Free-agent outfielder Jason Heyward has signed an eight-year, $184 million deal with the Chicago Cubs, the team announced on Tuesday. Gordon Wittenmyer of the Chicago Sun-Timesfirst reported the news on Friday.
As part of his deal, Heyward has two opt-out clauses in his contract, with the first coming after the 2018 season. According to Fox Sports’ Ken Rosenthal, Heyward can opt out of the deal after the third or fourth year if he exceeds certain plate appearance thresholds.
Heyward, 26, chose the Cubs over returning to the St. Louis Cardinals; he hit .293 with 13 home runs, 60 RBIs and 23 stolen bases in 2015 for the Cardinals after being acquired from the Atlanta Braves in an off-season trade. He also won his third Gold Glove award as the National League's top rightfielder.
The Los Angeles Angels also reportedly expressed interest in Heyward, and the Washington Nationals were reported to have made a late run at him; Heyward is believed to have turned down around $200 million from Washington. The Cardinals may have been the third team that offered more than $200 million that he passed up, according to Jeff Passan of Yahoo Sports.
Because Heyward and Lackey were given qualifying offers by the Cardinals, the Cubs will lose their two highest picks in the upcoming draft.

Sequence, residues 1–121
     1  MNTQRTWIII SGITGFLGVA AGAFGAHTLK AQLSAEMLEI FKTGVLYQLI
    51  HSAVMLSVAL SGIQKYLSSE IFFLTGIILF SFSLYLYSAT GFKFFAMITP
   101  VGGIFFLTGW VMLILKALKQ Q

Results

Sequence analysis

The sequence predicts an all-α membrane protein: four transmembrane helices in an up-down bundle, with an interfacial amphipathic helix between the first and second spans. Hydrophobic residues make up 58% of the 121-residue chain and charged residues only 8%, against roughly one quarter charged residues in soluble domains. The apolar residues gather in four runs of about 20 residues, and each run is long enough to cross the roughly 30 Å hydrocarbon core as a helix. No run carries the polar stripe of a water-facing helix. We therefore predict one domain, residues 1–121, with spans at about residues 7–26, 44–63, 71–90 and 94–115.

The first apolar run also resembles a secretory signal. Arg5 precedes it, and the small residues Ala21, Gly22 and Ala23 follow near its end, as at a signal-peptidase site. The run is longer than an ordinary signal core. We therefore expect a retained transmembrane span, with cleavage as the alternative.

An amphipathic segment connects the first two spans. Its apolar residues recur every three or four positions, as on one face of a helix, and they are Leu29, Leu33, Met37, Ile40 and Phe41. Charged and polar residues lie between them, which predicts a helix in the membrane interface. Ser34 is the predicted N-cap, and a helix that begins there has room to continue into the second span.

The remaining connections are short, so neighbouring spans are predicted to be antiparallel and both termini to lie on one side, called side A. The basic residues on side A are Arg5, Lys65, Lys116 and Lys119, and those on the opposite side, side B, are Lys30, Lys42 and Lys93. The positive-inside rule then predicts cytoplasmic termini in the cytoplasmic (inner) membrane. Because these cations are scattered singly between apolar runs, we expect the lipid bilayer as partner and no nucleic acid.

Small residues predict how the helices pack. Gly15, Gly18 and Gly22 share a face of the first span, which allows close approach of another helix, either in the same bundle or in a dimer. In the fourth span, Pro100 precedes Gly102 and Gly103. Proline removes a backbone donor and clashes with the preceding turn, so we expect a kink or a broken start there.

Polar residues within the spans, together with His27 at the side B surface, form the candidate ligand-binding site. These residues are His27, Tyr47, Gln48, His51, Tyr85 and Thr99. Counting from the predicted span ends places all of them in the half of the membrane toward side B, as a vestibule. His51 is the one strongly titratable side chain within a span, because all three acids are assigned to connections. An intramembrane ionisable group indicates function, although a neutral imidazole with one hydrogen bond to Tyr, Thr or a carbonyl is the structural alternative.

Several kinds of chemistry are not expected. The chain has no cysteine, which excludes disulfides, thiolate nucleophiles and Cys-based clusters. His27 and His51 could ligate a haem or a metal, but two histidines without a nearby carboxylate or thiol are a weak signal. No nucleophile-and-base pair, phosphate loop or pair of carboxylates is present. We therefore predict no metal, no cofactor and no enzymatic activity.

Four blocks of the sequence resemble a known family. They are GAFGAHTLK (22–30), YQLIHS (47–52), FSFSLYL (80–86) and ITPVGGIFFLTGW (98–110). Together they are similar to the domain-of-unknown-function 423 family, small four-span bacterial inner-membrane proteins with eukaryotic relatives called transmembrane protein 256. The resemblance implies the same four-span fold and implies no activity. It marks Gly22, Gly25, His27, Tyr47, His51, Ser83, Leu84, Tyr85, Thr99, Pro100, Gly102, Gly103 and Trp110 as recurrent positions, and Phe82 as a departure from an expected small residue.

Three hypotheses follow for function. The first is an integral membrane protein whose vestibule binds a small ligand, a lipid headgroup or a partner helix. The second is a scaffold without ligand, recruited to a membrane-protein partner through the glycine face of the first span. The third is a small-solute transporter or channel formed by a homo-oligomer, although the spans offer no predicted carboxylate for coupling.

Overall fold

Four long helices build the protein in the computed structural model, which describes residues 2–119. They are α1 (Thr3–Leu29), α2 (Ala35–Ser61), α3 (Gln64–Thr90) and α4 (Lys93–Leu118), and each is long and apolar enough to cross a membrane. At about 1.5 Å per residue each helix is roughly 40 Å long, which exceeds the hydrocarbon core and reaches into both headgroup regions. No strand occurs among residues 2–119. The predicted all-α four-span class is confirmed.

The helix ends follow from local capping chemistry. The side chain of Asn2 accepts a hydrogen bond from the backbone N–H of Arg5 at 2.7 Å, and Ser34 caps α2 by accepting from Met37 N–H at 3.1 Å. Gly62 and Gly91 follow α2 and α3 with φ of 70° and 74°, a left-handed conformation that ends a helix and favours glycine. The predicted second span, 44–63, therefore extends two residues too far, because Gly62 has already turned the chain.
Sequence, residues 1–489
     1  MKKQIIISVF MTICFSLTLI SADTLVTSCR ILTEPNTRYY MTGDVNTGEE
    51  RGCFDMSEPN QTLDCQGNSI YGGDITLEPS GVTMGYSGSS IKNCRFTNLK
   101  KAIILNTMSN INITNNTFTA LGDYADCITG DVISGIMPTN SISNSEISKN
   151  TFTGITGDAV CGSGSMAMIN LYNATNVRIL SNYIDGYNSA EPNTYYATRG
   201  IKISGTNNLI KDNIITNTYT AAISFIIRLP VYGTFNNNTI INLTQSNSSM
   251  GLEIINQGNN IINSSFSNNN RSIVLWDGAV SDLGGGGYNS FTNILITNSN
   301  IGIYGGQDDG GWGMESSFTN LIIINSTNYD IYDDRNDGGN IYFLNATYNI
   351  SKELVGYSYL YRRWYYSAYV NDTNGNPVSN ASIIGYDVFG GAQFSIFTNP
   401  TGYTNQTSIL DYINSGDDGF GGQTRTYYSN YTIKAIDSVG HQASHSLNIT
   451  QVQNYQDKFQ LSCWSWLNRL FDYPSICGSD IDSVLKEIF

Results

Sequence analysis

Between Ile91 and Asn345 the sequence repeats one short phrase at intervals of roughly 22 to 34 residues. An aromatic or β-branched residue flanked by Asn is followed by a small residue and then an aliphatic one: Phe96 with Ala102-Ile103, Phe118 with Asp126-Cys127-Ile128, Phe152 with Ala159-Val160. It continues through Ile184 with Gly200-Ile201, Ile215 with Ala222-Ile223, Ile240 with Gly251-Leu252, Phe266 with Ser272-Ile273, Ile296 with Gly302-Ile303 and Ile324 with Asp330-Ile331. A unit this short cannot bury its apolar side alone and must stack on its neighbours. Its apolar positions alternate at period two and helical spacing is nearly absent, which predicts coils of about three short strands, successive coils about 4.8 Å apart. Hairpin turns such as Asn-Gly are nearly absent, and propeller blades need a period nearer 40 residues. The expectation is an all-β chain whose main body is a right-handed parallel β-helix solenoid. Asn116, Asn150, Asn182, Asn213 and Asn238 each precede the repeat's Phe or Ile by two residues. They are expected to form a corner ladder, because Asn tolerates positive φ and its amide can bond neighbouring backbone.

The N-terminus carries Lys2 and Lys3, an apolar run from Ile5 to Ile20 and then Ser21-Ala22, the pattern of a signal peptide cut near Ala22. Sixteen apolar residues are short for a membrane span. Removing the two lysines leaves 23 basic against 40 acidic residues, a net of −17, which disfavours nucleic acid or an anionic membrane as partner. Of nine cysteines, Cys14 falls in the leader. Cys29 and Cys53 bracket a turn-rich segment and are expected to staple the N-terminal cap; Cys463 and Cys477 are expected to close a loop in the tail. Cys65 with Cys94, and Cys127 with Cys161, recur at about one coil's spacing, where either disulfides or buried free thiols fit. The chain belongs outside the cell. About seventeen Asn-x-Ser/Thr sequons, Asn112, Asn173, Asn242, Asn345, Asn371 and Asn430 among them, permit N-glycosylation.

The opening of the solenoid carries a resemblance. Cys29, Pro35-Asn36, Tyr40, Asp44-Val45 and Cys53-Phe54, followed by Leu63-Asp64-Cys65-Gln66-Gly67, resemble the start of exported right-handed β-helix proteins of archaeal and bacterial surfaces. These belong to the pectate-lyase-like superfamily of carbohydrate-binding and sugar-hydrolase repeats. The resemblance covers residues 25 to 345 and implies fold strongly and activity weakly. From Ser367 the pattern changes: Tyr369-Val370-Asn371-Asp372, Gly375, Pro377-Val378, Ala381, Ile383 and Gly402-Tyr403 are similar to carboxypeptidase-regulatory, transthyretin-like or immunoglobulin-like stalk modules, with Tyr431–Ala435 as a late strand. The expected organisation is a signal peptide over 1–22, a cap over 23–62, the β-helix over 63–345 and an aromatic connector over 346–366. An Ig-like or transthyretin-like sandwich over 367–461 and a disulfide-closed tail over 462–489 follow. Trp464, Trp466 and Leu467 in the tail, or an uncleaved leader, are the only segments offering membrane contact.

As to where Heyward will play with the Cubs, Wittenmyer reports that the team's intent is to have Heyward man centerfield, with Jorge Soler in right and Kyle Schwarber in left. Heyward has made just 30 starts in center in his six-year career.
Chicago's front office has been active this off-season. In addition to signing Heyward, the team signed another former Cardinal, starting pitcher John Lackey, to a two-year, $32 million deal and former Royals infielder Ben Zobrist to a four-year, $56 million deal. Chicago also dealt shortstop Starlin Castro to the New York Yankees, acquiring righthander Adam Warren and utility infielder Brendan Ryan.
Chicago finished last season 97–65 and third in the NL Central. The Cubs defeated division rivals Pittsburgh and St. Louis in the wild-card game and division series, respectively, but were swept by the New York Mets in the National League Championship Series.
- Jeremy Woo